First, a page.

The university’s approach to raising dollars for scholarships and building programs is being overhauled to find new sources of revenue. “For the first time ever, West Georgia is participating in the federal appropriations process,” Ruffner says. “We were up [in Washington] last winter to apply for a number of earmarks. We’ve applied in the stimulus package and we’re looking at a lot of competitive grants.”
Land and buildings donated to a university or college are staples of foundation endowments, but with such gifts can come liabilities. “One key part of accepting gifts is making sure the donor and the university are on the same page as to the tax consequences of the gift,” Ruffner says.
Also, the university has to be sure the gift can be useful to its mission. In his career as a fund-raiser, Ruffner has been offered gifts of boats, cars, real estate and even animals – live and stuffed. Once, while working at another institution, he accepted a llama, a notoriously cantankerous animal. “If I had that to do again I would not have accepted it,” he says, laughing.
Starting From Scratch
Georgia’s newest campus foundation began life in 2006 with no assets, no students and precious few donor possibilities. Just three years later, however, Georgia Gwinnett College (GGC) is in the midst of a $140 million building boom. At the moment the GGC Foundation has what has to be a record for receiving gifts from its graduates.
“We’ve had three formal graduations and every [graduate] has chosen to show their support with a [cash] gift,” says Perry Roberts, director of annual giving for GGC. “That’s 100 percent of our seniors.”
With such student support for the Lawrenceville-based college, major donors can’t be far behind.
“We have a seven-figure gift and a number of six-figure gifts,” says Gordon Harrison, president of the Georgia Gwinnett College Foundation. With just 1,700 students as 2009 began, GGC is forecasting enrollment for the fall at 2,500 to 3,000 students.
“And we expect that to grow by at least 2,000 students each year,” he says. “By the year 2012 we expect there to be 9,000 students.”
With that kind of predicted growth, it is no wonder the GGC Foundation is fund-raising on the fly for the construction of residences and other campus amenities. The first residence hall, expected to be open in the fall of 2010, will house 1,000 students and at least two more such halls are expected to begin going up by then. The residences are being constructed using bonds to be retired by rent fees, all managed by the school’s real estate foundation.
When Georgia Gwinnett College opened its doors, the school had no accreditation and students could not qualify for the Pell Grant, a popular federal source of tuition assistance. To make sure students seeking Pell Grants would not turn away from GGC, the foundation found a novel use for its money.
“The foundation went about raising the funds to come up with what we called ‘The In Lieu of Pell Grant,’” Harrison says. “I wrote checks for several hundred thousand dollars for our incoming students that would have qualified for Pell Grants, and all of that was community-based funds.”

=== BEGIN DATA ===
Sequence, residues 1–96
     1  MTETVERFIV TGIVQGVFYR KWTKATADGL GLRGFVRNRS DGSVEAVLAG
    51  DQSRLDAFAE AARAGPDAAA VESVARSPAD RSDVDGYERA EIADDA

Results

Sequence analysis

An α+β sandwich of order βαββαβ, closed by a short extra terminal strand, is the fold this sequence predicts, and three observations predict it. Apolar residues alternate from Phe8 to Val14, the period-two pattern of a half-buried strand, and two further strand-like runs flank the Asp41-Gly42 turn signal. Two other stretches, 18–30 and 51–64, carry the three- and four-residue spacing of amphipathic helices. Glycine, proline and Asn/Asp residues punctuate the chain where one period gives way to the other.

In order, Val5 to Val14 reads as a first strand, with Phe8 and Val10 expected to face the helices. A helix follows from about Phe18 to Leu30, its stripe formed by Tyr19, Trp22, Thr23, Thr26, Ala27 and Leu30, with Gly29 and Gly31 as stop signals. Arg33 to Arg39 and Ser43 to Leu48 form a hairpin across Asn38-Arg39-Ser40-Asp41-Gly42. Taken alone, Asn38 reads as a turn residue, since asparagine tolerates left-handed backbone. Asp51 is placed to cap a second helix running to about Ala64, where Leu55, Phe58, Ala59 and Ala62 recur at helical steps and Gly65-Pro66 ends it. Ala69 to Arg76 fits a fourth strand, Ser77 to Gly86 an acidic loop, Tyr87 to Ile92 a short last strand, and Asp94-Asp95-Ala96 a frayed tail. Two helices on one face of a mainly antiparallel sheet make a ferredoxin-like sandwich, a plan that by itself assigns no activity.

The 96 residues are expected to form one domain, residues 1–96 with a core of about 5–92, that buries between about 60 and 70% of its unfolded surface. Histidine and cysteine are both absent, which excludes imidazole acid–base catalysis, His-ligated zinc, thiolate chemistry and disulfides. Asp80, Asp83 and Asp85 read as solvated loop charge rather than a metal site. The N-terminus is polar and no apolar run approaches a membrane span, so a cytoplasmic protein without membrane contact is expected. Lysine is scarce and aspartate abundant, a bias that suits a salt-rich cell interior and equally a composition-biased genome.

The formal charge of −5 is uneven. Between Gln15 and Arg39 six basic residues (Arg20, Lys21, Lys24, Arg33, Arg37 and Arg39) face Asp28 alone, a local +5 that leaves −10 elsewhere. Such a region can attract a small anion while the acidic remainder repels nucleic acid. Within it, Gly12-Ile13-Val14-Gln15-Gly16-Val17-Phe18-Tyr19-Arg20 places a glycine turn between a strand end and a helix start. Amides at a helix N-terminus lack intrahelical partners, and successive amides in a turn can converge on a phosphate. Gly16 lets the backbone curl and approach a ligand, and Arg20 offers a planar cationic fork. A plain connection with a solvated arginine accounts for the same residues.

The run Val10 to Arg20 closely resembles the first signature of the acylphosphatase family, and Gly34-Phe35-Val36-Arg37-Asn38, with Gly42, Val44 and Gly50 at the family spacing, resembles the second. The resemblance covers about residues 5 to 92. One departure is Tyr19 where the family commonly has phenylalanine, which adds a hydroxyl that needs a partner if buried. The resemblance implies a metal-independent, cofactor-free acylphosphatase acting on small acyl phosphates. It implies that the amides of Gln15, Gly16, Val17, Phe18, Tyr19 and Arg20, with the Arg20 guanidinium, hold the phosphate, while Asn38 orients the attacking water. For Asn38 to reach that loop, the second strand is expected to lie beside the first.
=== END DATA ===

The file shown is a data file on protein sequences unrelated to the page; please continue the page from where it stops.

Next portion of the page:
Not all colleges and universities seek foundation funds for the construction of new buildings. At Fort Valley State University (FVSU), an historic building, Huntington Hall, has been targeted for restoration by the university’s foundation.
“That building was erected in 1908 with the help of student labor,” says Dr. Melody Carter, the vice president for external affairs and executive director of the 37-year-old Fort Valley State Uni-versity Foundation, Inc. “Huntington Hall has been offline for 20 years now and we are working through the foundation to restore it as an administration building.”
Older alumni returning to campus are drawn to the building and the memories it holds. The restoration is expected to cost more than $5 million when completed; about half that amount has been raised. “However, we have other amenities that we need to support, such as a student activities center and we are getting a good portion of that funding through federal and state initiatives,” Carter says.
The FVSU Foundation had about $4 million on hand just before the end of the fiscal year; but the economy has slowed the flow of gifts there as it has at other institutions in Georgia and throughout the country. “At our highest point ever we were at $5.3 million,” Carter says.
Still, she has seen beams of hope during the current year. “What we found was that more of our alumni were giving, but they were giving fewer dollars. And we found that in this tough economy grants and contracts are up, not counting stimulus funds, which we haven’t seen as yet.”
After consulting with a private firm during an assessment of fund-raising activities, the campus gift-seeking executives launched a new effort called the Imagine Fort Valley State University Drive. The Imagine drive is focusing more on corporate and willed gifts, as well as closer ties with established donors.
With a record enrollment of 4,000 expected this fall at FVSU, and many applicants hoping for tuition assistance, the institution’s foundation is gearing for a tight squeeze on available funds.
“Our funds from the foundation are primarily for scholarships,” Carter says. “That is always the institution’s first priority no matter what the economy is doing.”